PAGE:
The recorded history of the Dominican Republic began when the Genoa-born navigator Christopher Columbus, working for the Spanish Crown, happened upon a large island in the region of the western Atlantic Ocean that later came to be known as the Caribbean. It was inhabited by the Taíno, an Arawakan people, who variously called their island Ayiti, Bohio, or Quisqueya (Kiskeya). Columbus promptly claimed the island for the Spanish Crown, naming it La Isla Espanola ("the Spanish Island"), later Latinized to Hispaniola. What would become the Dominican Republic was the Spanish Captaincy General of Santo Domingo until 1821, except for a time as a French colony from 1795 to 1809. It was then part of a unified Hispaniola with Haiti from 1822 until 1844. In 1844, Dominican independence was proclaimed and the republic, which was often known as Santo Domingo until the early 20th century, maintained its independence except for a short Spanish occupation from 1861 to 1865 and occupation by the United States from 1916 to 1924.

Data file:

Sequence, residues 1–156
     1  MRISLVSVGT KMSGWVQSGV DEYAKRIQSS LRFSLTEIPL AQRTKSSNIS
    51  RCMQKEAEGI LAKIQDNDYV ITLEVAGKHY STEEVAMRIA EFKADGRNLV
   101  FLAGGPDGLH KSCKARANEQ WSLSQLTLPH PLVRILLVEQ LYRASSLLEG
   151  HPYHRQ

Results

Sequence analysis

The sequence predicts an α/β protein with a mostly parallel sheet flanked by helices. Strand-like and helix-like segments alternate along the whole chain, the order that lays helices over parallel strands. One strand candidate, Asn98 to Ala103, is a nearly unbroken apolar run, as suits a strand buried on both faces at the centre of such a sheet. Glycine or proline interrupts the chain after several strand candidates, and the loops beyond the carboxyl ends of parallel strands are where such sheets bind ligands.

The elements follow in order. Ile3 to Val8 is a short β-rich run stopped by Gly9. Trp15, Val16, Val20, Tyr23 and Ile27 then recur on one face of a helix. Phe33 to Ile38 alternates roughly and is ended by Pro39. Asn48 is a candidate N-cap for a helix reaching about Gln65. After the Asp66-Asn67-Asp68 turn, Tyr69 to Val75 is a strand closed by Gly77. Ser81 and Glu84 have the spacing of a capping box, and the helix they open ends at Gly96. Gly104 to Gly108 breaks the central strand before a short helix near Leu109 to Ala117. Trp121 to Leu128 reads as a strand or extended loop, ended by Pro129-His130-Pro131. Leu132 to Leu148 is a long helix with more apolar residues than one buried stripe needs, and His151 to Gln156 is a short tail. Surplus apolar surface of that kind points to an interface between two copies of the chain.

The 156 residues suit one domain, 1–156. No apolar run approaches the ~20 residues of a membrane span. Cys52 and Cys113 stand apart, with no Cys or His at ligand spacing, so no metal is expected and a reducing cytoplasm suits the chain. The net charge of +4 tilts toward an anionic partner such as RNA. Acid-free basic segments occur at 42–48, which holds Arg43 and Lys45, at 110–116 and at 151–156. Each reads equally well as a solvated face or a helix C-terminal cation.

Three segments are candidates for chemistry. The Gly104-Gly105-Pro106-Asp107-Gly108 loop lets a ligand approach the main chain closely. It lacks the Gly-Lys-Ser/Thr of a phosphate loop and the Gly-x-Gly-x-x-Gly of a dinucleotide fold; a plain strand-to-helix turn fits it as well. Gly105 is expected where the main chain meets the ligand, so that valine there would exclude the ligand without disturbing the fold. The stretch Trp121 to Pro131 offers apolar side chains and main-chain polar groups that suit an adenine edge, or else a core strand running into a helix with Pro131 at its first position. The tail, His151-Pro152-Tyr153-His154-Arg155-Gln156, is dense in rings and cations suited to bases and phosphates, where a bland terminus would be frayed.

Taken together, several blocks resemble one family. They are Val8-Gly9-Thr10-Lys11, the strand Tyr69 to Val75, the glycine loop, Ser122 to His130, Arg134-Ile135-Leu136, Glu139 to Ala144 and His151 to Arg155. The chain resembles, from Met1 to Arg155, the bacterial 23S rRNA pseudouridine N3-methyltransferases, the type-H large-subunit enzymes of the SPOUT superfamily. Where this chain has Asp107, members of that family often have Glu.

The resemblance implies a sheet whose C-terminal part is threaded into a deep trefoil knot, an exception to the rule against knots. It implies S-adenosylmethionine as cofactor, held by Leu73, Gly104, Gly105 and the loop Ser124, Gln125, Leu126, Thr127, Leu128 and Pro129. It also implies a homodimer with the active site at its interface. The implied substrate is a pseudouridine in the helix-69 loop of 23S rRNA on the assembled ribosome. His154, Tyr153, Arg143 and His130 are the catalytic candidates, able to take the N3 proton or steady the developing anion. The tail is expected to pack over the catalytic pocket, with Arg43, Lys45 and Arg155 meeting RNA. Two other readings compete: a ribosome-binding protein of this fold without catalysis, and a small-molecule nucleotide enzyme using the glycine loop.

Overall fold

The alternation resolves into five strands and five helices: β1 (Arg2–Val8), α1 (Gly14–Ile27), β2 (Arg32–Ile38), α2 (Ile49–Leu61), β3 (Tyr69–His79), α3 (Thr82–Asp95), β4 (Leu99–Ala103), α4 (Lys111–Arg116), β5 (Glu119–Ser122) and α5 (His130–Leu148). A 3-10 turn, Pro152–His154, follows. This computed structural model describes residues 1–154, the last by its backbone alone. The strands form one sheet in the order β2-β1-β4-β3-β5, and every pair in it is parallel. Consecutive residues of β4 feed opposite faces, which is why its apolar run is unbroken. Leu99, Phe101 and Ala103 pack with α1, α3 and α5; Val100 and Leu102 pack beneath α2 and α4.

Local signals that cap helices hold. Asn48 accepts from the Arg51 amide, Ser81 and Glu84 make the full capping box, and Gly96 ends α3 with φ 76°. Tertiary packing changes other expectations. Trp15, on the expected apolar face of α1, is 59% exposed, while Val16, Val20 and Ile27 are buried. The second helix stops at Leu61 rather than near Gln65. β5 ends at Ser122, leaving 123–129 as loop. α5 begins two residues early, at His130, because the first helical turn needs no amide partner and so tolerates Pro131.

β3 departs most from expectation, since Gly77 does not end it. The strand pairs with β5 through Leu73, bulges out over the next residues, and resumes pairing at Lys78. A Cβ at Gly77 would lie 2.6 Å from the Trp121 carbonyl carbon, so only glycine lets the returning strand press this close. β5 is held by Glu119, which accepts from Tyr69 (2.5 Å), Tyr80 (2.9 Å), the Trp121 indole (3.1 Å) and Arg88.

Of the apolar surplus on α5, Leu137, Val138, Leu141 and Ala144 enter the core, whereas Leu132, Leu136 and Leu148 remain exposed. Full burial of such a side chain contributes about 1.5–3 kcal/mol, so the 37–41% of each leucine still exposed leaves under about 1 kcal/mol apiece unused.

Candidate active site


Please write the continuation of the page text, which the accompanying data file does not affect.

The culture of the Dominican Republic is a diverse mixture of different influences from around the world. The Dominican people and their customs have origins consisting predominately in a European cultural basis, with both African and native Taíno influences. The Dominican Republic was the site of the first European settlement in the Western Hemisphere, namely Santo Domingo founded in 1493. As a result of over five centuries of Spanish presence in the island, the core of Dominican culture is derived from the culture of Spain. The European inheritances include ancestry, language, traditions, law, the predominant religion and the colonial architectural styles. Soon after the arrival of Europeans, African people were imported to the island to serve as slave labor. The fusion of European, native Taino, and African traditions and customs contributed to the development of present-day Dominican culture.